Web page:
Mongolia votes for new president amid COVID-19 campaign restrictions
Mongolia heads to the polls on Wednesday to choose its sixth democratically elected president, with the ruling Mongolian People’s Party (MPP) poised to consolidate its power following a low-key campaign hampered by the brakes of COVID-19.
The vote is the first after constitutional amendments stripped the post of some of its powers and limited its incumbents to a single six-year term, preventing incumbent Khaltmaa Battulga of the opposition Democratic Party from standing for re-election.
Ukhnaa Khurelsukh, forced to step down as prime minister after this year’s protests, is the favorite to take over the chairmanship of the MPP, which already controls parliament and government.
The Democratic Party sends Sodnomzundui Erdene to replace Battulga.
Campaign events in the capital, Ulaanbaatar, have been kept to a minimum in the fight against COVID-19. Daily infections hit a record high over the past week and the death toll in Mongolia stands at 325.
“Due to the coronavirus, there is very little information on the election campaign, and I will probably decide at the time,” said 22-year-old voter Ganbayar Gantulga.
Around 1,000 Khurelsukh supporters staged a rally outside a concert hall on Saturday, but he put his campaign online hours later after his Labor rival Dangaasuren Enkhbat, the third candidate in the election, tested positive in coronavirus.
Mongolia’s hybrid political system gives parliament the power to make laws and appoint governments, but it also gives the president veto power over legislation.
Voters generally chose candidates from opposition parties as president. Although the winners must renounce party allegiance, they have tended to block party line legislation, creating a political stalemate that some say has held the country back.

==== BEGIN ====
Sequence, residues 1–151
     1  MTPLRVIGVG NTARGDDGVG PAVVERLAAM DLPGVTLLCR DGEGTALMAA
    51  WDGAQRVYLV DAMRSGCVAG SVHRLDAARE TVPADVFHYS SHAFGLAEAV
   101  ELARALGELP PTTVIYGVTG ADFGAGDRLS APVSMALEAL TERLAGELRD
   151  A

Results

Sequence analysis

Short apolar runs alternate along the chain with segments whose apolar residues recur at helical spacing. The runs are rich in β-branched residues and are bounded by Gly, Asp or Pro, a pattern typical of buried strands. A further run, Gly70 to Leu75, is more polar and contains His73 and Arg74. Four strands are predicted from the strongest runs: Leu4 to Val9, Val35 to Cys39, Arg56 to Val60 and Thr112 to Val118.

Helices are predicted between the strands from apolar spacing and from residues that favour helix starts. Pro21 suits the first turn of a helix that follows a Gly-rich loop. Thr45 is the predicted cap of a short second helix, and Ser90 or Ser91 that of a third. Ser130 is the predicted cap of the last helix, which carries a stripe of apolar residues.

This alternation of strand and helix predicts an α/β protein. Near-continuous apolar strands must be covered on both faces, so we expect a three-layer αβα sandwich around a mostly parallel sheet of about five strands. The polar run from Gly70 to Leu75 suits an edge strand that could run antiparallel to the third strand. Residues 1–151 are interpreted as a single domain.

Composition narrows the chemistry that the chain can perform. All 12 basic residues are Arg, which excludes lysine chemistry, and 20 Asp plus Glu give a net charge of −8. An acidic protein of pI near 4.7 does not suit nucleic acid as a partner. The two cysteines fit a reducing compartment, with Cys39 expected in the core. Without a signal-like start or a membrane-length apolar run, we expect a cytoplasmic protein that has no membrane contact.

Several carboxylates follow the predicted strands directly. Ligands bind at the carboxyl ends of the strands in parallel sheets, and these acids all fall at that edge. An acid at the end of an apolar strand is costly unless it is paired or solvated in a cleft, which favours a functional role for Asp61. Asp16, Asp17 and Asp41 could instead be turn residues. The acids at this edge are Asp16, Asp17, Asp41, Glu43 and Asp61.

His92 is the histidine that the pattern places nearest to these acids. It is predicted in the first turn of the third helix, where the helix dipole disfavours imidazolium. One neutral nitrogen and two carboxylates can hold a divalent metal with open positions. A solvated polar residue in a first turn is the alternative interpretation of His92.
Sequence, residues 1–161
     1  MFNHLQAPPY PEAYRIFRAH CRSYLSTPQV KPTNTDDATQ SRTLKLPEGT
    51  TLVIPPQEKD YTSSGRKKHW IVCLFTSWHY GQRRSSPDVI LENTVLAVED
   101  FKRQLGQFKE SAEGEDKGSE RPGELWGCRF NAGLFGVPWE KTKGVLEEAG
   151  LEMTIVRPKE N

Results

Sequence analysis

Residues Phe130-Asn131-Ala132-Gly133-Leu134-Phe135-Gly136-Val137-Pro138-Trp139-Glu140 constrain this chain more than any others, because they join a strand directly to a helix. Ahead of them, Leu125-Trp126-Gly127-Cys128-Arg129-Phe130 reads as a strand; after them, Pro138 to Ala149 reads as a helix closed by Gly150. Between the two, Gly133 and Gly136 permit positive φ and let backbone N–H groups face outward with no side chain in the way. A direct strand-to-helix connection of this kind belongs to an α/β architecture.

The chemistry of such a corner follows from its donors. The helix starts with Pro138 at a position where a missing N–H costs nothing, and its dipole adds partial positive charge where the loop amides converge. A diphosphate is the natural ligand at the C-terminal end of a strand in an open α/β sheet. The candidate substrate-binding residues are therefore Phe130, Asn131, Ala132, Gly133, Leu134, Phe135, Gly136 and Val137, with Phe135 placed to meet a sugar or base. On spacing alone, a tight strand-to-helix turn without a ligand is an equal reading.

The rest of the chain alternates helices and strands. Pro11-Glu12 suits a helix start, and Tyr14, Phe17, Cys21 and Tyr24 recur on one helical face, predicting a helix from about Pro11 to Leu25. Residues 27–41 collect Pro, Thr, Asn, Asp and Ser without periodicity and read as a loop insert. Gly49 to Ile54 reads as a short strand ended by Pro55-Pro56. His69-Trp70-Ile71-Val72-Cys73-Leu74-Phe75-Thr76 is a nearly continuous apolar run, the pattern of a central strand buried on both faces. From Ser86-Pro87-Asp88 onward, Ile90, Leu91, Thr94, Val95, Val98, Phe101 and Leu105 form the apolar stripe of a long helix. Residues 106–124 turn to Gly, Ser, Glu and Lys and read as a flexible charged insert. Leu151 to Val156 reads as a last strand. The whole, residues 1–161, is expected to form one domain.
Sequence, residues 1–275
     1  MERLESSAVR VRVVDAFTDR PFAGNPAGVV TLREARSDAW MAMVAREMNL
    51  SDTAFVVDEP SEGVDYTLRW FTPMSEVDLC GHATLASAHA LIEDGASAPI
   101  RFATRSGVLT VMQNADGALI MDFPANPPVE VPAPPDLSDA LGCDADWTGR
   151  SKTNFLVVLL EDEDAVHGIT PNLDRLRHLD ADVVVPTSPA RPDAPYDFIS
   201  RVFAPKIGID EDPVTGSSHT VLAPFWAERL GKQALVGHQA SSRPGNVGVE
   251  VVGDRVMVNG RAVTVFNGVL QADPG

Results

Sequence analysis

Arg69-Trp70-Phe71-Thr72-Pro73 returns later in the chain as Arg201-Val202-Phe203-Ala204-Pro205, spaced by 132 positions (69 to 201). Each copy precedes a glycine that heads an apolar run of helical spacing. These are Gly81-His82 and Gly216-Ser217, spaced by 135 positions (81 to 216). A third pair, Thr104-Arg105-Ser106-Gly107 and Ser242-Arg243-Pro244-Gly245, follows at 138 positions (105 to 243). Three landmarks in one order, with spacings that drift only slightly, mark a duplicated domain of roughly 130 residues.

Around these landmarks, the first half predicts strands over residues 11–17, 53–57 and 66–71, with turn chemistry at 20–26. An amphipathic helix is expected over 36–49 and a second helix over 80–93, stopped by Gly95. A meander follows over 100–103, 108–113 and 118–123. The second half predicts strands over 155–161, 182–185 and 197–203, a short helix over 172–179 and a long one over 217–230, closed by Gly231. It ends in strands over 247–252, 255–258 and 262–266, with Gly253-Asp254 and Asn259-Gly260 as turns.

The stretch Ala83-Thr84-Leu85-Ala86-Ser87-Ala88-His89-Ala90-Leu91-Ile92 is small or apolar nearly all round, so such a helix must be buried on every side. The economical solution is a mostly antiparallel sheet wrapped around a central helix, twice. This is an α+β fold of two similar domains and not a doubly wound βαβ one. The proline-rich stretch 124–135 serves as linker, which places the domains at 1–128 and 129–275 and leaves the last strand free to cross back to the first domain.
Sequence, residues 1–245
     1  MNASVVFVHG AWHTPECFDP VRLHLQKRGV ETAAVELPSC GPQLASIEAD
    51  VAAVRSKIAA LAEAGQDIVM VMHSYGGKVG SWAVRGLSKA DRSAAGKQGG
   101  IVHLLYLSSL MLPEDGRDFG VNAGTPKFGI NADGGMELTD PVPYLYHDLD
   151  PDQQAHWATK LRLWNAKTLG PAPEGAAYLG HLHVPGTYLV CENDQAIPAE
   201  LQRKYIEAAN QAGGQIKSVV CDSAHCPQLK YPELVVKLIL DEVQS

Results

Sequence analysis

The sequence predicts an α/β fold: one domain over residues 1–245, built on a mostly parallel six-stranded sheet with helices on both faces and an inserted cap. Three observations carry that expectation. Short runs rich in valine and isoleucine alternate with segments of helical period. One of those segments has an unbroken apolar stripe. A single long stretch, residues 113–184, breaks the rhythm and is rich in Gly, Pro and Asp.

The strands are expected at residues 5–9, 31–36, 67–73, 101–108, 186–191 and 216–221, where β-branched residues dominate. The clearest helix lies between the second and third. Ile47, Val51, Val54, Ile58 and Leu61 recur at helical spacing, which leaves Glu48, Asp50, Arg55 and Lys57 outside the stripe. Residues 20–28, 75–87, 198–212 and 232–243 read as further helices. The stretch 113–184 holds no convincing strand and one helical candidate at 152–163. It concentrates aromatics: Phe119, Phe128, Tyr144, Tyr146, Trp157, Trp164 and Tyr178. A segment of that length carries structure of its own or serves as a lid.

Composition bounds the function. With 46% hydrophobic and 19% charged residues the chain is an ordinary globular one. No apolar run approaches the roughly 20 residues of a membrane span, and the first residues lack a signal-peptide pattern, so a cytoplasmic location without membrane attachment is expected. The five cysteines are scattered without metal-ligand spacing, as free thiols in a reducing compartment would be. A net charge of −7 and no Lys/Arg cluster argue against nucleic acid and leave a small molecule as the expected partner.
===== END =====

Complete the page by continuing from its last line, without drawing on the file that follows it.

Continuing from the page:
Although businessman and former wrestler Battulgahe has not overturned the decision to exclude him from this year’s election, he remains popular with some voters.
“Battulga has done a lot for the people,” said Tsetsegmaa Khasbat, a 67-year-old retiree. “He’s a person who can get things done.”
However, others were disappointed with his inability to confront the ruling elite, said Enkhtsetseg Dagva, program manager at the Open Society Forum, a non-governmental group.
“Battulga has made deals with the current MPP which have been detrimental to Mongolian democracy,” she said.
The MPP-controlled parliament agreed to give Battulga the power to sack and replace judges and anti-corruption officials, which critics saw as part of a wider takeover.
Neither the party nor Khurelsukh responded to Reuters requests for comment.
“MONGOLIA WITHOUT DICTATURE”
The Democratic Party’s campaign slogan this year is “Mongolia without a dictatorship,” and candidate Erdene told Reuters that an MPP victory would see the country evolve further into a one-party state.
“Today, if you are not a member (of the MPP), if you are not affiliated with the ruling party, it is no longer possible to do business the way you want, to study what you choose and live as you wish. “
The two major parties have accused each other of undermining Mongolian 30-year-old democracy.
“Both parties are right,” said Sumati Luvsandendev, political analyst and pollster at the Sant Maral Foundation, a Mongolian consultancy firm.
“Both sides ‘are undermining democracy’ and it is not easy to say which side is doing better.”
Sumati said he expected the MPP to come out victorious.
“The campaign (of the Democratic Party) does not exist, while foreigner Enkhbat is quite successful in consolidating protest votes in urban areas … (but) his chances against the powerful MPP system are very low,” did he declare.
Our standards: Thomson Reuters Trust Principles.